Life is busy. Whether you’re in school, looking for a job, employed, or raising kids, there is just never enough time in the day to accomplish everything that needs to be done — let alone what you want to get done. For those who have big dreams of starting their own business while still working at another, finding the time to follow your dream can seem next to impossible. Some “social media experts” have built an entire business around demonstrating how this actually can be done. The reality is, though, you can’t make time that doesn’t exist (though that would solve all of our problems, I am sure.)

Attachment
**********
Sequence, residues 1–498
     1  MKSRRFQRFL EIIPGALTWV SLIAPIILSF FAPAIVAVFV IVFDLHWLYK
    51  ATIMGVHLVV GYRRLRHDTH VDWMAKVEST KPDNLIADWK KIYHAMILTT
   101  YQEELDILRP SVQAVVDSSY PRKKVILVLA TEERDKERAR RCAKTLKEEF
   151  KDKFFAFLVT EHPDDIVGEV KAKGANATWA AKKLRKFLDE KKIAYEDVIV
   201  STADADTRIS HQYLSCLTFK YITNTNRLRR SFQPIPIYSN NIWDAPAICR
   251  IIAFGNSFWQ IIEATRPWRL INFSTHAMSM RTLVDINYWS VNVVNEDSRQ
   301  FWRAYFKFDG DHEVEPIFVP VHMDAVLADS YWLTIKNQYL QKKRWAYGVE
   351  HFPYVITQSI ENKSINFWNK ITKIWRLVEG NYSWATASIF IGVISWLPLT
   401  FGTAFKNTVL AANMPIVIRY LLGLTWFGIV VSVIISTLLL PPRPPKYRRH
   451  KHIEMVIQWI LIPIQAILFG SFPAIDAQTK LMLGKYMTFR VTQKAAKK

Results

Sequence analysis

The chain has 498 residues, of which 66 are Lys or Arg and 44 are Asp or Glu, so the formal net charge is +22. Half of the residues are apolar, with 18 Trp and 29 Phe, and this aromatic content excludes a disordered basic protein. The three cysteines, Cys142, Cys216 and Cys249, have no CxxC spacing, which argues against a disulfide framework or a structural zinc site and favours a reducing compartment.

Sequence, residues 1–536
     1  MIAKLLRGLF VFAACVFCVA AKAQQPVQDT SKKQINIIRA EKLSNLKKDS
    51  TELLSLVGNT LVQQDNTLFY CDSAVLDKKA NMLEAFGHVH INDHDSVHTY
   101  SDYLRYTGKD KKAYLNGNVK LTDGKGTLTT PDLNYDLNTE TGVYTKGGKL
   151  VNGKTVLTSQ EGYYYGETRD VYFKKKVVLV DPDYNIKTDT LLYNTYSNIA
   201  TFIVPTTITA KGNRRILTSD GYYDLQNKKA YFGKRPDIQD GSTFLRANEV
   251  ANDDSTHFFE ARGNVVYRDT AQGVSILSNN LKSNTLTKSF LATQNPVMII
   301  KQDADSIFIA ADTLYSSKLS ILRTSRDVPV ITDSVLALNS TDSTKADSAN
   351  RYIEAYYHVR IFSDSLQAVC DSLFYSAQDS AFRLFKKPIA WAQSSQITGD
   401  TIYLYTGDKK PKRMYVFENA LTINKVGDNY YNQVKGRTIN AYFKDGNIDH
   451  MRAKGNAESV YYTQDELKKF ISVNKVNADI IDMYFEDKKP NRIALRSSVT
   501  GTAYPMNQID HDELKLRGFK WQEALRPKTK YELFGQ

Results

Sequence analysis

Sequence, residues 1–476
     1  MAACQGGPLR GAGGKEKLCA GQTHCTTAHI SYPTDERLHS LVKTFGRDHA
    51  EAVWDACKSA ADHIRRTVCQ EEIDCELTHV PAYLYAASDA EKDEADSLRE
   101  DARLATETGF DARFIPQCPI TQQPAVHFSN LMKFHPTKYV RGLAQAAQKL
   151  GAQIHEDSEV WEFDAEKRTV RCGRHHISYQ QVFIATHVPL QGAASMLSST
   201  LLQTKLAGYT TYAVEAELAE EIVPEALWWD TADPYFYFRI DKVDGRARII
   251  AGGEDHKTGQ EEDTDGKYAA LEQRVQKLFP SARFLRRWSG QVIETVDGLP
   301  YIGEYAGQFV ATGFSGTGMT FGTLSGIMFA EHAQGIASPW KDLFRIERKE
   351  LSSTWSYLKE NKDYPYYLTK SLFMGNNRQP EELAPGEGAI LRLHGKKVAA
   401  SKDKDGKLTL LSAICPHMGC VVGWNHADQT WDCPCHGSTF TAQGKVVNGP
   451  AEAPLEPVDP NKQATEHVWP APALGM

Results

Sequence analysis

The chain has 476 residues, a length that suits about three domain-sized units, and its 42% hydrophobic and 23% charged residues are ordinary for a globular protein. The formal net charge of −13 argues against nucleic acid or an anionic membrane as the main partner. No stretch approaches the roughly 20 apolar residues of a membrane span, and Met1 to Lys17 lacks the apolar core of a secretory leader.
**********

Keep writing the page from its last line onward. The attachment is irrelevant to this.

Blogging can be a first — and perhaps the most important — step in starting your own business, even if that business is the blog itself. It is very possible to make a living wage with a blog, such as Chris Pirillo has done with LockerGnome (and many others have as well). You may also just want to blog for fun and not make any money — even if your blog incidentally becomes one of the most popular niche blogs about your topic. In my previous 9-5, I taught legal professionals how to find the time to blog despite their 80+ hours a week schedules. Now, as a full-time blogger struggling with time management, I’ve had to take my own advice to keep up the demands of the constantly changing world of tech and social media. On whichever end of the spectrum you fall, knowing how to find time to blog can make a huge difference in the success of not just your blog, but your career, too.